The United Nations on Friday appealed for $46.8 million (S$57.8 million) in international aid for more than 380,000 people in Bohol province now living in tents after a 7.2-magnitude earthquake struck Central Visayas last week.
Australia was the first to respond, announcing on Friday that it would provide up to P124 million in aid to support the Philippine government's response to the humanitarian emergency caused by the earthquake in Bohol and Cebu province.
The earthquake flattened homes, schools, clinics, centuries-old churches and other vital infrastructure, killing more than 200 persons.
A further 35,000 families need emergency shelter while more than 380,000 residents of Bohol require assistance for basic needs like water, sanitation, food and health services for six months, UN resident humanitarian coordinator Luizha Carvalho said.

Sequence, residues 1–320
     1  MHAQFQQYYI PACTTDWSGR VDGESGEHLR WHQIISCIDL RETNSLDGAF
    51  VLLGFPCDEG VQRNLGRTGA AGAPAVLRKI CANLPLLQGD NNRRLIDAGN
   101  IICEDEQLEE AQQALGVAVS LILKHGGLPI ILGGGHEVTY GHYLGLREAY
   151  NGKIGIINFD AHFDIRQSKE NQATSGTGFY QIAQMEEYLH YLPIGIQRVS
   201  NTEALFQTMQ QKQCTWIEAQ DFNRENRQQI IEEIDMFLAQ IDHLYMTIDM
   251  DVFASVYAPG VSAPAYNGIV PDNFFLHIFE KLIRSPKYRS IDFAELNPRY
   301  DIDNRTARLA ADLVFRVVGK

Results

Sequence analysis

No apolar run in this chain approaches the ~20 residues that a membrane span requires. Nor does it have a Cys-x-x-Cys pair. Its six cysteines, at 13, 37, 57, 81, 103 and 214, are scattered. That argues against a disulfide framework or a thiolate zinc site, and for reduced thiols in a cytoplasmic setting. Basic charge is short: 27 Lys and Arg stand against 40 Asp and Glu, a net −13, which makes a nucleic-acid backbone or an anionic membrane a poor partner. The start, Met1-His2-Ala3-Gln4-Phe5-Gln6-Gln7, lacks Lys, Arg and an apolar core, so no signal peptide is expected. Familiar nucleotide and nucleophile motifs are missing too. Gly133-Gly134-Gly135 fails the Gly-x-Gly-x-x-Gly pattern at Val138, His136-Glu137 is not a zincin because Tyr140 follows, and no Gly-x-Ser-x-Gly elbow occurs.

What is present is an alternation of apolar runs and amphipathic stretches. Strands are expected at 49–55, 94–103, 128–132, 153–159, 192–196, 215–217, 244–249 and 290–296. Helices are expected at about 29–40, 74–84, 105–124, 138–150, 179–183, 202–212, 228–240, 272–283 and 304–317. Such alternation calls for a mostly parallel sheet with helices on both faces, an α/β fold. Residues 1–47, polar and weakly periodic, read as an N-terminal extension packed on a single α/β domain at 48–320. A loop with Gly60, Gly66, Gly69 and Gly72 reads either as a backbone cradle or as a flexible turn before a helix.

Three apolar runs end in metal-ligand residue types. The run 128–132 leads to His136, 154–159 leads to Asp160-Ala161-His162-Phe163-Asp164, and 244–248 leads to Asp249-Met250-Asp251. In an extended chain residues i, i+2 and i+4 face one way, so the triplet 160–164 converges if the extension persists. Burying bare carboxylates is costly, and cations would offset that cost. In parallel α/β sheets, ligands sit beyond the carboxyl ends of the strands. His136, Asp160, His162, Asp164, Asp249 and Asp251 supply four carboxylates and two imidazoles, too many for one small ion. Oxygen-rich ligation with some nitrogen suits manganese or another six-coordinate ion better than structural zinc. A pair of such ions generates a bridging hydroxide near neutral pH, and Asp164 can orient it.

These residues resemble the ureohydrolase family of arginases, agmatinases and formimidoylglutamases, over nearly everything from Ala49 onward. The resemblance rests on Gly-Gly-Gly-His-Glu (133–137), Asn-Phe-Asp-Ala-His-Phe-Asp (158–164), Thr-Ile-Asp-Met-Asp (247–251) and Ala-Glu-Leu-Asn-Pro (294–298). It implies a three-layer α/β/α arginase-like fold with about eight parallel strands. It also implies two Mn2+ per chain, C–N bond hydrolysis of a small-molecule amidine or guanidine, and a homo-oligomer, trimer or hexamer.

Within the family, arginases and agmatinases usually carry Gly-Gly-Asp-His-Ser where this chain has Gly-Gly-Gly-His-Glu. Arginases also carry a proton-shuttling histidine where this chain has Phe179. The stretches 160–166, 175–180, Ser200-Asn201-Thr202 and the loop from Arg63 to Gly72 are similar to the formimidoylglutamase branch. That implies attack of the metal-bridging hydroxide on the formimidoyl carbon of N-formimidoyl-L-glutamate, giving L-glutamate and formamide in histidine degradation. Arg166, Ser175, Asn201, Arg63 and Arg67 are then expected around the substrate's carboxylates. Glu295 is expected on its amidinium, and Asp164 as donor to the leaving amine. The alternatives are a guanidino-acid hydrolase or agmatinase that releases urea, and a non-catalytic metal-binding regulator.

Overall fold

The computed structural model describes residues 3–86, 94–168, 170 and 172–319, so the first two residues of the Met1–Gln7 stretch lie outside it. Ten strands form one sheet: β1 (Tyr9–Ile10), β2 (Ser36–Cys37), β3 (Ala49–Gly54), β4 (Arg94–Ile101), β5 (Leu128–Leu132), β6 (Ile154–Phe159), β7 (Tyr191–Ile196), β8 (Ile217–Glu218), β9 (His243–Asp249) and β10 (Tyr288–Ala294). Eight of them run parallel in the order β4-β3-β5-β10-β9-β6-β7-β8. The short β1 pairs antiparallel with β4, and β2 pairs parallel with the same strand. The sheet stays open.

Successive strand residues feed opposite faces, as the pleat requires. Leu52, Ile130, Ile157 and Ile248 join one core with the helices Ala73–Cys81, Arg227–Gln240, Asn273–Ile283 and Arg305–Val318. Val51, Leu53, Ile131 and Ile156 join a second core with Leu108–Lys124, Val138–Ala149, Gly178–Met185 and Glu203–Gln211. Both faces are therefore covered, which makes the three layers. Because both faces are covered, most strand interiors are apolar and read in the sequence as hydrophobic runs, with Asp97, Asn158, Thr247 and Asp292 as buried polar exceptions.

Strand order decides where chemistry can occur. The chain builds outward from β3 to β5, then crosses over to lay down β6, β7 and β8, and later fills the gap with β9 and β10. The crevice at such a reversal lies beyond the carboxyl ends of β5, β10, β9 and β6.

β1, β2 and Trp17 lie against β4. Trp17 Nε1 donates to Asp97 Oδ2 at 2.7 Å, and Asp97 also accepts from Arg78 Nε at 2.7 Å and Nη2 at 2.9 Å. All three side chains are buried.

"At this moment, the Philippines is the one [country] that really stands alone with the highest of needs and the highest requirements," Carvalho told a news conference.
Carvalho said she hoped donors would still give money despite a series of recent natural and man-made disasters that also required international assistance, such as a destructive typhoon in December last year and Moro rebel attacks that destroyed parts of the southern city of Zamboanga last month.
"We have a very interesting pattern of several events that are happening almost simultaneously and we still hope for the generosity of the donors," Carvalho said.